the press
Impunity prevails, but what is the solution?
CRIMES AGAINST JOURNALISTS : Impunity prevails, but what is the solution?

In 50 percent of the killings of Indian journalists since 2010 there have been no arrests so far. We need to come together to protect our tribe, urge Geeta Seshu and Sevanti Ninan.

Television news in the southern part of the country has largely become the preserve of the various political dynasties, with a glut of channels acting as mouthpieces of the owners rather than objective news broadcasters. T S Sudhir brings us the true picture.
FIGHTING PAID NEWS : /election-op-ed
The government’s counter-affidavit in a recent suit could strip the ECI of its power to disqualify candidates for fraudulent accounts or put an end to the pandemic of paid news. P Sainath reports on civil society attempts to stop the subversion of the EC’s powers.
#Elections #OP-ED #P Sainath #The Real Picture
Kannada TV channels cross the line
NEWS OR VOYEURISM? : Kannada TV channels cross the line

In a desperate bid to outdo each other in television rating points, regional news channels are increasingly resorting to celebrity coverage bordering on tabloid journalism that infringes the right to individual privacy. B S Nagaraj comments on the trend.

Terror reporting reveals gaping holes
The pervasive tendency to speculate and insinuate involvement of individuals and selective groups in instances of terror, without authentication or references to source of information, is not only an unfair attack on those implicated but against the very essence of journalism. Ammu Joseph elaborates.
#Ammu Joseph #Peace #Media #Voices unheard
Why is Naveen Soorinje still in jail?
Despite a political decision to drop charges against Kannada TV reporter Naveen Soorinje, he continues to remain in prison. A PIL filed soon after the decision has put the case in limbo. Satarupa Sen Bhattacharya tracks and analyses the developments.
The pay-to-print saga resumes
The Delhi High Court's dismissal of Ashok Chavan's petition and the CIC's orders to the Press Council to make its report on 'paid news' public promise many blushes for Big Media and platinum-tier politicians, writes P Sainath.
#OP-ED #P Sainath #The Real Picture
Who pays the price for paid news?
PAID NEWS SYNDROME : Who pays the price for paid news?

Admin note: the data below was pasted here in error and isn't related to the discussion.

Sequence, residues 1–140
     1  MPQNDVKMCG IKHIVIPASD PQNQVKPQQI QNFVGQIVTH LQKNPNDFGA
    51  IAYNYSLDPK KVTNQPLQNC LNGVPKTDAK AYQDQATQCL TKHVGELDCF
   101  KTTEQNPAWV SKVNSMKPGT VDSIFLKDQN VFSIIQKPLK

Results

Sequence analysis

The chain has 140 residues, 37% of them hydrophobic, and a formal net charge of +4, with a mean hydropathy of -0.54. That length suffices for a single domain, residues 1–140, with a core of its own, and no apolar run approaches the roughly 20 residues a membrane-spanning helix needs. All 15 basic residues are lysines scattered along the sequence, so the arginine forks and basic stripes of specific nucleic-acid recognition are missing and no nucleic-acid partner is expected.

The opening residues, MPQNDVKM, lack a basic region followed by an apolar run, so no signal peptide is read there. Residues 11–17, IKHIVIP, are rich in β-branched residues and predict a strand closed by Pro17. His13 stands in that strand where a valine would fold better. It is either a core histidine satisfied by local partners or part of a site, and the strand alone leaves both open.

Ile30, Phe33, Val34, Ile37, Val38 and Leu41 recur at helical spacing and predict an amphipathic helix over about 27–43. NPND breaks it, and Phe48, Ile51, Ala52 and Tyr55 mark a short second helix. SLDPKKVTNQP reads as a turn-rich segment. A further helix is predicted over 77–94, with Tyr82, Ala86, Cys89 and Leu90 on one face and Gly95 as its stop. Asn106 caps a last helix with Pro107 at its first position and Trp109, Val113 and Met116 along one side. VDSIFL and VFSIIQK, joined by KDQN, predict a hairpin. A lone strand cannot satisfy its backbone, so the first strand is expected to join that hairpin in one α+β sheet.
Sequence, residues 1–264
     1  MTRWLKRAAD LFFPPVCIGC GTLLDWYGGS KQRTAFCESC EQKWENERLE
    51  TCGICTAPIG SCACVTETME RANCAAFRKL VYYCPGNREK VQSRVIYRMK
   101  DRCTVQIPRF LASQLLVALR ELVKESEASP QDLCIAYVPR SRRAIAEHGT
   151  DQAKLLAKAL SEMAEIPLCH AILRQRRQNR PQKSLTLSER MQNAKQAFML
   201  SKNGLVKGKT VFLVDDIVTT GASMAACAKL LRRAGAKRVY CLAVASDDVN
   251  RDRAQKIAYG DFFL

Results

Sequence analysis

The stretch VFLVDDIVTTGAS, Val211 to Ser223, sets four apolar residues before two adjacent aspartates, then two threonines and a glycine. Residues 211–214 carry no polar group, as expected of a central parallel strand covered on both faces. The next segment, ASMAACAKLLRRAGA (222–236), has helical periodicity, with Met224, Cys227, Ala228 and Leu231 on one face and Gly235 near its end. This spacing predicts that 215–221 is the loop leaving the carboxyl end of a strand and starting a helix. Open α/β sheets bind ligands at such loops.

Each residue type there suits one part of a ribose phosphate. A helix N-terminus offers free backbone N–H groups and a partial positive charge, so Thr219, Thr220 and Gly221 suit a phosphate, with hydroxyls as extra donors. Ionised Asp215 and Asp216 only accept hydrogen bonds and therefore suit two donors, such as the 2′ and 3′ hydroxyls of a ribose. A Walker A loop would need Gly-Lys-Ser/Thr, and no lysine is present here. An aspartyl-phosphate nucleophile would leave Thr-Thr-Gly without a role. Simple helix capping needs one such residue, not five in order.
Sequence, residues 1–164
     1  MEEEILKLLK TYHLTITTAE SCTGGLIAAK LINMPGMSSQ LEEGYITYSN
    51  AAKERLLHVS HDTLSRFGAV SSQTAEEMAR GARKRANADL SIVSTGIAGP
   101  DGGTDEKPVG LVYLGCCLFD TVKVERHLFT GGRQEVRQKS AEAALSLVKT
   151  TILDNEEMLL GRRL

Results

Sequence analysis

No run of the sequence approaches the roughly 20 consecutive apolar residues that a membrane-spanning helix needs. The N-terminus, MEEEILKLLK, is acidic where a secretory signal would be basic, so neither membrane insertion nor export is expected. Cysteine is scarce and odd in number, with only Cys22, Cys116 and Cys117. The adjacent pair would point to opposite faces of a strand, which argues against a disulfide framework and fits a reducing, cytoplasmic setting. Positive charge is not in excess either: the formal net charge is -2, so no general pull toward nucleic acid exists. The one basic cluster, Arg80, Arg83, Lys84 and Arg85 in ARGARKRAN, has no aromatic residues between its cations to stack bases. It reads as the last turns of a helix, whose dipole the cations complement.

In mid-June, the Election Commmission of India directed Chief Electoral Officers of all states and Union Territories to enforce the law against "paid news" during elections. The institutionalised racket has been running into hundreds of crores of rupees. Ammu Joseph brings you up to speed.

#OP-ED #Ammu Joseph #Voices unheard
Terror coverage raises lots of questions
The terror attacks have raised numerous questions of media ethics, values and news-gathering methods. While the government and politicians faced the wrath of the public, the media too was under the lens. Ramesh Menon reports.
Is the media watching poverty enough?
COVERING DEPRIVATION : Is the media watching poverty enough?

If our media can provide regular updates on the stock markets, foreign exchange and bullion rates, weather, pollution, etc., surely they can add a poverty watch? The International Day for the Eradication of Poverty passed on 17 October, and Ammu Joseph scanned the national press from Bangalore.

#OP-ED #Ammu Joseph #Poverty #Voices unheard
Media barons and press freedoms

How relevant is the argument of a threat to freedom of the press in cases where the financial interests of a media baron could ostensibly conflict with that of the public? The question resurfaced recently in Andhra Pradesh over the Eenadu-Margadarsi controversy, writes B P Sanjay.

#Media #Guest Opinions #ANDHRA PRADESH
Making it to page one
A homely looking woman in her late fifties has for years run a small-scale business doing what is widely seen as a man's job -- providing computer hardware to companies. But she does not make the local news. A culture of community journalism in the English newspapers is missing and is much needed, says Nabina Das.
#Media #Guest Opinions
Covering the silent revolution
A flurry of activities of senior citizen associations and related news coverage usually herald the International (and National) Day of Older Persons, annually observed on 1 October since 1990. However, it will take much more to focus serious attention on the world's fastest growing population group, says Ammu Joseph.
#OP-ED #Ammu Joseph #Society #Voices unheard
Cutting through the urban jungle
It may take more than random coverage of dramatic developments on the civic front for the media fulfil its promise of connecting citizens and governments. Mere reports based entirely on press statements and conferences in which plans are presented with little questioning won't do, writes Ammu Joseph.
#OP-ED #Ammu Joseph #KARNATAKA #Voices unheard
Where have all the children gone?
The media today -- print and television -- reflect little active awareness of the fact that they have an important role to play in enabling children to learn about the highly complex world they live in. Children's voices are missing even in reports and articles on matters directly related and relevant to them, says Ammu Joseph.
#Children #OP-ED #Ammu Joseph #Voices unheard